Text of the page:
Pneumonitis. For seriousness, Mia? What now?
Inflammation of the lung. In my case, as a reaction to radiation. I finally spoke to my oncologist (who is currently on probation - I'm not so quick to forgive), who concurred with my radiation oncologist that my shortness of breath is due to my lung getting all pissy about being zapped. Can you blame it, really? I mean it's just been minding it's own business, processing oxygen, fending of the no-good doers of the mediastinum when all of a sudden it gets blasted with death lasers. Poor tissue.
So I feel less anxious that it's related to the cancer, but of course, my most harmful symptoms have all been a side effect or result of treatment. So I shouldn't really be surprised.
I went in to visit my kids at school yesterday and they were excited to see me (as I was to see them). It always lifts my spirits and makes me feel like myself again when I'm with them. The fact that I get treated like a movie star probably has nothing to do with it.
They all want to know when I'm coming back. I told them, as soon as I can breathe normally again, I'm here. And I do want to be there, with them, and with my fellow teachers. What I don't want is the paperwork, the grading spreadsheets, the benchmarks, PSSA's, the directives sent from waaaay high up that we MUST follow, lest someone find out we are using our own brains to think, speak and make choices on our own. I'd love to be back in the classroom, teaching. Watching kids make discoveries and connections. Helping them to do their best, academically and socially. Setting goals and expectations individually, then sitting back and watching them blow those goals out of the water.
I know in my heart that we will never get anywhere with our children if we spend more time testing and grading what they can do (I haven't even gotten to how awful this is for a teacher yet!) than time to experiment, investigate, explore, discuss, analyze, reflect and write. It makes me long for my own private school days. Oh, Oak Lane Day School, I will never forget you. I didn't become a math whiz there, but I did develop a love for school. In fact, everything I know about art history today, I learned in the little slideshow room off of the ceramics area. We helped out the "little kids", dissected sheep's eyeballs (sorry vegetarians), spoke in Russian, even traveled to DC and stayed in a youth hostel for 4 days. I honestly didn't learn how to subtract large numbers in my head until graduate school (and for that, I'll be paying a monthly fee until 2027, no joke).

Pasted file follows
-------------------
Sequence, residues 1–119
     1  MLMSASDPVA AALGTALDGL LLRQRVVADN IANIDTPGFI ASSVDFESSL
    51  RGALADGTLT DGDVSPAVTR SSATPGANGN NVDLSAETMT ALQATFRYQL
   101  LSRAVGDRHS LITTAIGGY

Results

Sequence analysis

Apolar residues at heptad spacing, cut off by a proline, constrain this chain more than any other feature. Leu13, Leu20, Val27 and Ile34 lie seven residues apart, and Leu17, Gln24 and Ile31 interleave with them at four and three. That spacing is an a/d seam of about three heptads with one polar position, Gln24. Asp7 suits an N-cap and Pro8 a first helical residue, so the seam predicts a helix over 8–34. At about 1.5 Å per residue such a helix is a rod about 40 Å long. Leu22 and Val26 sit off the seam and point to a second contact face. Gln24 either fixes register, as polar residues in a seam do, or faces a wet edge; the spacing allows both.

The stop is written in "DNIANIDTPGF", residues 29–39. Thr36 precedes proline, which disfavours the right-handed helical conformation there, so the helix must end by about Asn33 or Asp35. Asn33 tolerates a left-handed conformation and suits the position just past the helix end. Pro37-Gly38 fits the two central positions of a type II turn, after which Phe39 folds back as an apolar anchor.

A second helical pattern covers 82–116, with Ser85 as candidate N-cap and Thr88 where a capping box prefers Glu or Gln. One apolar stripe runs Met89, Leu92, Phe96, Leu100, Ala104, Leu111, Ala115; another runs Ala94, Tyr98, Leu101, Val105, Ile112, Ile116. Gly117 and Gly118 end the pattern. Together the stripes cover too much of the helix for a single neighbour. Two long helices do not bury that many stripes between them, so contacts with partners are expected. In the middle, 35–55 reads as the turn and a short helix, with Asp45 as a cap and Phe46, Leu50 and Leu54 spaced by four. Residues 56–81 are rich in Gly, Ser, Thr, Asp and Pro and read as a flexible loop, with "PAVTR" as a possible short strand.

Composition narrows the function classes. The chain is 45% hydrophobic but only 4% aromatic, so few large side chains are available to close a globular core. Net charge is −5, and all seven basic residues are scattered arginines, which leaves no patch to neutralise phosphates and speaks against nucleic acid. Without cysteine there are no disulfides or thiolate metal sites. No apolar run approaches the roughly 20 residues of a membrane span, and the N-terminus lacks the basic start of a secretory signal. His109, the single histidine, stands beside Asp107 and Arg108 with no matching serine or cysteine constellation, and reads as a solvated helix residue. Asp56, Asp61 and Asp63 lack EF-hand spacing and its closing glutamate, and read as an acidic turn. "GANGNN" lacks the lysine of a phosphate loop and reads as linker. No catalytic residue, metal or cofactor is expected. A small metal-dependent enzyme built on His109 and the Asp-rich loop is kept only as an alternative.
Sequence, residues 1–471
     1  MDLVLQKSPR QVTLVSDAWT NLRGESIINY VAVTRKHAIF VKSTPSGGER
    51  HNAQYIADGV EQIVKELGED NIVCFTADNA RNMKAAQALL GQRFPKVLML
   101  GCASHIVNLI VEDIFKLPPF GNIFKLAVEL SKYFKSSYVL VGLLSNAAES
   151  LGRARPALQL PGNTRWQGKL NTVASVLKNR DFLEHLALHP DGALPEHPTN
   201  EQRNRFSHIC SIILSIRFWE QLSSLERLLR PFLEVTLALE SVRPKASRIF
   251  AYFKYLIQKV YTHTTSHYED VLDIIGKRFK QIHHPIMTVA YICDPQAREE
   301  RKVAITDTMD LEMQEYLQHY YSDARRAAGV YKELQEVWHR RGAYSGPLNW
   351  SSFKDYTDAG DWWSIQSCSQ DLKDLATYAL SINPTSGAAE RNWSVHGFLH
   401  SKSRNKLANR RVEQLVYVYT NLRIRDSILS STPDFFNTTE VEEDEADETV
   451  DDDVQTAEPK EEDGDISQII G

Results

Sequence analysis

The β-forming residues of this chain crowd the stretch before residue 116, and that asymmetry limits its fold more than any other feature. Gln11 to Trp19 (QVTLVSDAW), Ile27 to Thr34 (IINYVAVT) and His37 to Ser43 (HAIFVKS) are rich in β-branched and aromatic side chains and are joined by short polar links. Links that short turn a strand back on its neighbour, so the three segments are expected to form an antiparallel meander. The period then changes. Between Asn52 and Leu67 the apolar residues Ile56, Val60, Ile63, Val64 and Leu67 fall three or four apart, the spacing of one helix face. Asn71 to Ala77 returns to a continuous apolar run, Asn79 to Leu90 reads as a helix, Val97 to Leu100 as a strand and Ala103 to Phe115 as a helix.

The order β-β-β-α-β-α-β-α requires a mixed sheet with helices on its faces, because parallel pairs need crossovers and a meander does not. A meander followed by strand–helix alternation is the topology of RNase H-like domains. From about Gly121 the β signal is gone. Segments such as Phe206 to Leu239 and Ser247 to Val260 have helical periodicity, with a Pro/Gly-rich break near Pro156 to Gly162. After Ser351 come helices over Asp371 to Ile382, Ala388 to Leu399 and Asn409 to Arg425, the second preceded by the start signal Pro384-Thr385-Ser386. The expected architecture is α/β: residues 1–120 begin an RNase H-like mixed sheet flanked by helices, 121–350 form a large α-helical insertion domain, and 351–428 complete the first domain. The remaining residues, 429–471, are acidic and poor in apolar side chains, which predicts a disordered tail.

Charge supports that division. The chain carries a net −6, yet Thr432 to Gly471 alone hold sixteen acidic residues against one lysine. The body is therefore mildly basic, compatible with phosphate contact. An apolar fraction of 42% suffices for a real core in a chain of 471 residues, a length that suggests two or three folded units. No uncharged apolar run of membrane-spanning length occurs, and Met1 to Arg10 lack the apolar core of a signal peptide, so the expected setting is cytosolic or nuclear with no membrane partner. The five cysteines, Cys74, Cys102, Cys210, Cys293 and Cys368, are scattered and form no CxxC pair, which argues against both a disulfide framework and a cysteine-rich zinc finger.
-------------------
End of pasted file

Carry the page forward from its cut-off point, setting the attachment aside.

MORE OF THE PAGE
Don't get me wrong, I'm not saying subtracting isn't an important skill that all of us should master (preferably prior to higher education). What I'm saying is, we need to make time for life experiences and personal relationships in school, especially if we want to instill a love for learning in our children. This is supposed to be FUN, people!! Lord, if you don't like what you're doing and where you spend 8 hours of your awake time 5 days a week, something's gotta give.
Forgive me my tangent. I didn't have an answer for my kids as to when I'd be back. I'm hoping this lung business clears up in the next month so I can regain some sense of normalcy, but I can't go back (especially to a stressful and - I'll go there - germ infested atmosphere) until I'm truly ready, physically and mentally.
What I did have for them was a book of poems that I may have borrowed from my child (given to him as a baby), Once I Ate a Pie, by Patricia MacLachlan and her daughter, Emily MacLachlan Charest. I reviewed what it means to be written from the point of view of someone other than the writer's (say, for example, from a dog's perspective), then asked them to listen to the poems with the job of figuring out from whose POV each was written. They quickly caught on, and all enjoyed the adorable puppies depicted next to each poem. It was just like old times, at least from my point of view.
UPDATE: Since the initial composition of this letter, the pneumonitis has continued. Dr. Henry is sending me for some pulmonary function tests to see just what is what in my chest. I harbor many, many fears about potential results, but I'm trying to distract myself for the duration (OH BUT FOR THE WAITING...) with craft projects. See photo below of a sampling of pillowcases I made for ConKerr Cancer. Bringing them back to the fabric store this afternoon to be delivered to children undergoing extensive stays in area hospital, only to pick out more fabric (and Judah now wants one, too). Thanks for the sewing machine, Mommy!